FBH research: 12.07.2012

Highly reliable silicon carbide photodiodes for visible-blind ultraviolet detector applications

Micrograph photo diode
Fig. 1: Optical micrograph of the front of a processed photodiode (size 1x1 mm²).
Photocurrent pressure UV-C lamp
Fig. 2: Normalized photocurrent of SiC UV photodiodes stressed with a low pressure UV-C lamp. For comparison the dashed lines show the behavior of previous commercial 6H-SiC p-n photodetectors.
Photocurrent medium pressure UV lamp
Fig. 3: Normalized photocurrent of 4H-SiC UV photodiodes stressed with a medium pressure UV lamp.

A growing variety of applications for detectors of ultraviolet (UV) radiation depend on highly reliable and long-term stable detection systems. Such applications comprise food, air and drinking water purification, flame and combustion control as well as chemical and biological analysis or sterilization of biological and medical equipment. In a joint project of FBH, Leibniz-Institute for Crystal Growth, and the Berlin-based company sglux GmbH highly efficient and reliable polytype 4H-SiC p-n photodiodes have been fabricated on n-type substrates with active areas of up to 6x6 mm2. The n-type and p-type layers were epitaxially grown at Leibniz-Institute for Crystal Growth; the devices were characterized and long-term exposed to UV by sglux GmbH.

At FBH, SiC p-n junction photodiodes were fabricated on 2 and 3 inch n-type substrates. Contact printing lithography using a mask aligner has been used for all patterning and alignment steps. Modern and automated equipment has been used for dry- and wet-chemical processing as well as for deposition of metals and dielectrics to ensure best possible process control. The active area of the p-n junction diodes was defined by mesa etching using an inductively coupled plasma (ICP) with Cl2-BCl3 chemistry. The SiC etching technology assured high homogeneity of ± 15 nm over the 3 inch wafer surface and exact control of the total etch depth of 7 µm. Electrical contacts were formed by aluminum-titanium and nickel-chromium alloys on p-type and n-type SiC, respectively. As shown in Fig. 1 the electrical contact at the front has a bonding island in the center (bright). The edge length of the active area of the square chip depicted is 1 mm.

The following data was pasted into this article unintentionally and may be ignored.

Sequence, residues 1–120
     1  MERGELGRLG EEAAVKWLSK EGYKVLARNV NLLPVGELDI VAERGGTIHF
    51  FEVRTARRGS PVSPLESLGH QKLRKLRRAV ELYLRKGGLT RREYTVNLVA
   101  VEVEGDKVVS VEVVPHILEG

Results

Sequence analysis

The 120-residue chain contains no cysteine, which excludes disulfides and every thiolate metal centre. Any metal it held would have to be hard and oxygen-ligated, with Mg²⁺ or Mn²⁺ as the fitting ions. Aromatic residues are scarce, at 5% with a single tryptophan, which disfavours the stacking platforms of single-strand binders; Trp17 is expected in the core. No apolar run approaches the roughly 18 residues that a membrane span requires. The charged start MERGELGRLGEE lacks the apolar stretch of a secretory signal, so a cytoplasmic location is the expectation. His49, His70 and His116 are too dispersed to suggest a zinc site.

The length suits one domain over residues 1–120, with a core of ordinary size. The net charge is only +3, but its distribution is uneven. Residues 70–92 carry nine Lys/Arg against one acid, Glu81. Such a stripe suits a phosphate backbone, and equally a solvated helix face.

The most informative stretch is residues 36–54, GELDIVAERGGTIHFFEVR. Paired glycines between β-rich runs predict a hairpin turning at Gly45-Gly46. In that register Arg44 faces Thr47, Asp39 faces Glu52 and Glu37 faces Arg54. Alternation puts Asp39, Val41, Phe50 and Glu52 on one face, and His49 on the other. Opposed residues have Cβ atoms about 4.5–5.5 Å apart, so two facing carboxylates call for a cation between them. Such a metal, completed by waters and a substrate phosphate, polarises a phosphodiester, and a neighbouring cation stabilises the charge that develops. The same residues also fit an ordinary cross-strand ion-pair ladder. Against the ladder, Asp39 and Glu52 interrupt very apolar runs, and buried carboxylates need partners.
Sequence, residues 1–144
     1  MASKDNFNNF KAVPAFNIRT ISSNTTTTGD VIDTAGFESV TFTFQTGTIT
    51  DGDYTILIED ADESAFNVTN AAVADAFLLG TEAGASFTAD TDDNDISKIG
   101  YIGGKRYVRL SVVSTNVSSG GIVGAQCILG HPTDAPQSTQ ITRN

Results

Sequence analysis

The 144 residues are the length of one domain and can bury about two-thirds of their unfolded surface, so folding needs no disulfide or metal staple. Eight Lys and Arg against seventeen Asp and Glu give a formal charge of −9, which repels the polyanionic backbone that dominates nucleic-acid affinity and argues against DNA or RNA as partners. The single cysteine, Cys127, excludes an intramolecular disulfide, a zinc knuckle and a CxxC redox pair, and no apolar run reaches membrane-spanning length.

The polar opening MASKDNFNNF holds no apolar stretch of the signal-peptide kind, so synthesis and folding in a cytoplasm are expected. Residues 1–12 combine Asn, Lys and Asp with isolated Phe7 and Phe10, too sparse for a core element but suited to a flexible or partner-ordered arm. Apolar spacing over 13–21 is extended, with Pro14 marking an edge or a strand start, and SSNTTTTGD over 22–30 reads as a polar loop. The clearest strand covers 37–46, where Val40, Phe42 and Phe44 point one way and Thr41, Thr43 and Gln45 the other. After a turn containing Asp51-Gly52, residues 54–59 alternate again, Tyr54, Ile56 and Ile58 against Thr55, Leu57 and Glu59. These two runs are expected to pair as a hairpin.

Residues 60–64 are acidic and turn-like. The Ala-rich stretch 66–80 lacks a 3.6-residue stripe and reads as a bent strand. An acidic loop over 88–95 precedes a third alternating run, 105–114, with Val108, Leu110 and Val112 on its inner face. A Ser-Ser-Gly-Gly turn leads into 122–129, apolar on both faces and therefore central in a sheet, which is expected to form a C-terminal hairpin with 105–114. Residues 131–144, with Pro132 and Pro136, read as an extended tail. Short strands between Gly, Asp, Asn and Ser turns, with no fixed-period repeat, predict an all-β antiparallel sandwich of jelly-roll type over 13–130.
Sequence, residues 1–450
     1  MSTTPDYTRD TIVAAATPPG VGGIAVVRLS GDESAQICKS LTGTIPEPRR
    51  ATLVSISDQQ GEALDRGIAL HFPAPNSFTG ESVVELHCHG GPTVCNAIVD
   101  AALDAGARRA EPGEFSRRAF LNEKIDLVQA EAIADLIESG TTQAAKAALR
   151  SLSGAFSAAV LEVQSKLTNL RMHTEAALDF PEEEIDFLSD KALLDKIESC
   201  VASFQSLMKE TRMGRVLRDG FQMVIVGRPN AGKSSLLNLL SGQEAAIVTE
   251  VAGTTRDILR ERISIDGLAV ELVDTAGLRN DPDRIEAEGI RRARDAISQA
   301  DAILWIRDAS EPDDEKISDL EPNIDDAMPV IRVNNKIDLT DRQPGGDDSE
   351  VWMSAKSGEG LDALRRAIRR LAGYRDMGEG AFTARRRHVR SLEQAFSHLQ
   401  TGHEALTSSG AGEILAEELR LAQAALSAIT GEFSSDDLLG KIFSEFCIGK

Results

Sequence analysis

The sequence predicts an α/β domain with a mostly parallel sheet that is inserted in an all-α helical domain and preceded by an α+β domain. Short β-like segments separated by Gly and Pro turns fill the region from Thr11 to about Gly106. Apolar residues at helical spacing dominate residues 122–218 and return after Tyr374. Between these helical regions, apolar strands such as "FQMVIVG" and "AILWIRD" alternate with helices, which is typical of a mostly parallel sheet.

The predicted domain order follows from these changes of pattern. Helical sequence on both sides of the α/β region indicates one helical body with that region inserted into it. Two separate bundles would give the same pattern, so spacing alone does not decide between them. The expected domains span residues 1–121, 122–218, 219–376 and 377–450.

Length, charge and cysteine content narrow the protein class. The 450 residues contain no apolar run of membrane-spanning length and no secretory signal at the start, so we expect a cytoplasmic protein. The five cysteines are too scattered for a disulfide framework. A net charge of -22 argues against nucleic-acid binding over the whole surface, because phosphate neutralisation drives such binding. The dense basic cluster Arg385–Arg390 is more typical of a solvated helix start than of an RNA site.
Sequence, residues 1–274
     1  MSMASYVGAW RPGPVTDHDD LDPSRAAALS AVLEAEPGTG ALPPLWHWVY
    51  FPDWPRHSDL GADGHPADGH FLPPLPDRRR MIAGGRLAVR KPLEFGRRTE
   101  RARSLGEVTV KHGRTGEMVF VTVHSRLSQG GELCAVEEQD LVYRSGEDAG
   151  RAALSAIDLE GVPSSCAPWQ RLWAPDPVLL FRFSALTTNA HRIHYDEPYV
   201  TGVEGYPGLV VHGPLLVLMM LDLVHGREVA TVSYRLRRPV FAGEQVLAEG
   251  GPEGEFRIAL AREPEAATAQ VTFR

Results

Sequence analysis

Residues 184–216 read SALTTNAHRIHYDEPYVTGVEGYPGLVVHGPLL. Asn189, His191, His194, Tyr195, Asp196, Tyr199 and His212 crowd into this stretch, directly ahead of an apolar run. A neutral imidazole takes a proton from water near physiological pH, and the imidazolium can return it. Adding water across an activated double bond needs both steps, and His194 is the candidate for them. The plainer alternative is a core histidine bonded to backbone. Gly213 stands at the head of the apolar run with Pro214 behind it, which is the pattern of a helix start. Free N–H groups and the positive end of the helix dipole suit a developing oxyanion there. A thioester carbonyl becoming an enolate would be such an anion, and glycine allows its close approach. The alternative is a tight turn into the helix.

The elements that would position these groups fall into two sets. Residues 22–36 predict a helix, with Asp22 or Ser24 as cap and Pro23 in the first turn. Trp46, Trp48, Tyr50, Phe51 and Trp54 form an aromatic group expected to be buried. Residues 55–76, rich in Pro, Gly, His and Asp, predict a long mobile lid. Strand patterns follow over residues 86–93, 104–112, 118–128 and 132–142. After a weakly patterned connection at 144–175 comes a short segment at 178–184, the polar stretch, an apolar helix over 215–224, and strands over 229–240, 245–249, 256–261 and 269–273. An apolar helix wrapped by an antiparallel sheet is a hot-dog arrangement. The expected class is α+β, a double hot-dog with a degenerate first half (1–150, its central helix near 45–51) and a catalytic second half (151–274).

Photodiode chips packaged into a TO housing with an UV transparent window were characterized at room temperature and exposed to high intensity mercury lamp irradiation. The behavior of the photocurrent response under UV light irradiation using a low pressure mercury UV-C lamp (4 mW/cm²) and a medium pressure mercury discharge lamp (17 mW/cm²) has been studied for up to 22 months. The normalized photocurrents of SiC UV photodiodes stressed with a low pressure UV-C lamp and a medium pressure UV lamp are depicted in Figs. 2 and 3, respectively.  The devices under test showed an initial burn-in effect, i.e., the photocurrent response dropped by less than 5 % within the first 40 hours of artificial UV aging. Such burn-in effect under UV stress was also observed for previously available 6H-SiC p-n photodetectors (CREE CD‑260‑0.30‑D, on p-type SiC substrates). After initial burn-in no measureable degradation was detected, i.e., no decrease of photocurrent could be measured until now (16,000 hours of irradiation). The aging tests demonstrate the robustness of SiC photodiodes against UV radiation and confirm that the 4H SiC p-on-n photodiodes are suitable for high irradiance UV applications.

This work was partly supported by the Federal Ministry for Economy and Technology based on decision of the German Parliament under grant number KF2194501DB9. Part of the work was funded by the Transfer BONUS program of Berlin's Senate Department for Economy, Technology and Women. Technological support by Frank Kudella and George Brandes is very much appreciated.

Publication

D. Prasai, W. John, L. Weixelbaum, O. Krüger, G. Wagner, P. Sperfeld, S. Nowy, D. Friedrich, S. Winter, T. Weiss, "Highly reliable silicon carbide photodiodes for visible-blind ultraviolet detector applications", J. Mater. Res., 2012, accepted for publication.